Chinese President Xi Jinping
One of China's 100 most wanted graft suspects returned home, as the country, under President Xi Jinping, continues to fight to bring back corrupt officials who have fled to other countries to escape charges Reuters

One of the 100 most wanted graft suspects in China, who had fled to Canada in 2011, has now returned to the country following "successful admonishment", the Chinese government said on Wednesday.

Many people wanted in graft cases have fled to other countries to escape punishment. China, under President Xi Jinping, has been trying to garner international cooperation to get those people extradited to the country.

Without divulging the charges for which the person was wanted, the statement by the graft-fighting Central Commission for Discipline Inspection stated that Zeng Ziheng, 44, has willingly returned to the country. The statement did not explain how it persuaded Ziheng to return, but added that so far about 28 people on its 100 most wanted list have already returned home. Ziheng was an engineer in the northern province of Henan in China and had fled to Canada to escape corruption charges.

The Chinese government launched a campaign called "Sky Net" in 2015 to gather international support in its fight to bring back corrupt officials to the country. The government published a list of graft suspects subject to an Interpol Red Notice, which is almost equivalent to an international arrest warrant. However, its call for international cooperation did not bear fruit.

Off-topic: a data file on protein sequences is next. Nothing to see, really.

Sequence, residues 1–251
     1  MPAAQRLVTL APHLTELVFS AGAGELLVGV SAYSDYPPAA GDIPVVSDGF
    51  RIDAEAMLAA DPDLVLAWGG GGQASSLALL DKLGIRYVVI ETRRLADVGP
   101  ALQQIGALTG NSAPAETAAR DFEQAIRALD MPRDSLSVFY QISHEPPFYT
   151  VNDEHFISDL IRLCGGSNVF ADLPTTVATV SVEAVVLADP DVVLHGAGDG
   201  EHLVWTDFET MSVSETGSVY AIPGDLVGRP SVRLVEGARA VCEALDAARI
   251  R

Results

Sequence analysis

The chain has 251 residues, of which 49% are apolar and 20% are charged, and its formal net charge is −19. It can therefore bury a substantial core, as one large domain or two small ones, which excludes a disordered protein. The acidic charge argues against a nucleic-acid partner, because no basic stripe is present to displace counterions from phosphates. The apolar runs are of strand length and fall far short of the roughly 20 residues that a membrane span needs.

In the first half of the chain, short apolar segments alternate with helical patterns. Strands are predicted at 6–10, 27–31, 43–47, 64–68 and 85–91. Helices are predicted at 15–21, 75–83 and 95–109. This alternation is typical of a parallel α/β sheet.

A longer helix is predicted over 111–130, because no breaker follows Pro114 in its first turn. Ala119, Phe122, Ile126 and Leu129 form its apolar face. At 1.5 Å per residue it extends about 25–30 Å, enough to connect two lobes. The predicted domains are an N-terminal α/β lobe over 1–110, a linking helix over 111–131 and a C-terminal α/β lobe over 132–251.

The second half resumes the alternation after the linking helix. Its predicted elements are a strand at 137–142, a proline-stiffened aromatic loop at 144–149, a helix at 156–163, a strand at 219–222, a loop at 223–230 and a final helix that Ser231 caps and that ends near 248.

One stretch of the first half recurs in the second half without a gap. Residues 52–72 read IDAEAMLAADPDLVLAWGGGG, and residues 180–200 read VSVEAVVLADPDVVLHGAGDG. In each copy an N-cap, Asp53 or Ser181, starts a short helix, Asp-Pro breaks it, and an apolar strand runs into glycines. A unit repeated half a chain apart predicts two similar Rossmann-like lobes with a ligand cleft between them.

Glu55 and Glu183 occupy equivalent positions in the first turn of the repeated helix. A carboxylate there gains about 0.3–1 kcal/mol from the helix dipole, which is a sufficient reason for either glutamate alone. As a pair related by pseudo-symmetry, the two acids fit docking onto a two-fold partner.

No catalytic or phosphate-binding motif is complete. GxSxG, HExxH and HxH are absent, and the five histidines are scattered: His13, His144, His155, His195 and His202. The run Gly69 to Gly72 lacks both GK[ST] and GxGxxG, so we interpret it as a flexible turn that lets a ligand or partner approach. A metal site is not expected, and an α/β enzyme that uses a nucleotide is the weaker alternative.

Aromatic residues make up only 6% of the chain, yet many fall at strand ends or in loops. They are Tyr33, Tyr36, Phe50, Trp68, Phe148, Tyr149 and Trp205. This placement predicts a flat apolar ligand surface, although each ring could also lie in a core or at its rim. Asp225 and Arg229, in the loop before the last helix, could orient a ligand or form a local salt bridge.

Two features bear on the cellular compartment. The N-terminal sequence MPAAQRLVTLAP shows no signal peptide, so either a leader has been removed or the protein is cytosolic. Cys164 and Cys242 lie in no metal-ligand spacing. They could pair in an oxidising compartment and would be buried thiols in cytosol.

Many officials embroiled in corruption cases have fled to countries like Canada and the United States. These countries are reluctant to help China because of alleged mistreatment of criminal suspects in the country and also because China had been unwilling to provide proof of their crimes, Reuters reported.

After failing to gather support from Western countries and failing to sign extradition treaties with them, the Communist-dominated country had reportedly turned to persuading its people to return. However, China continues to push countries to sign extradition treaties and is aiming to speed up the process, a senior official reportedly revealed in May.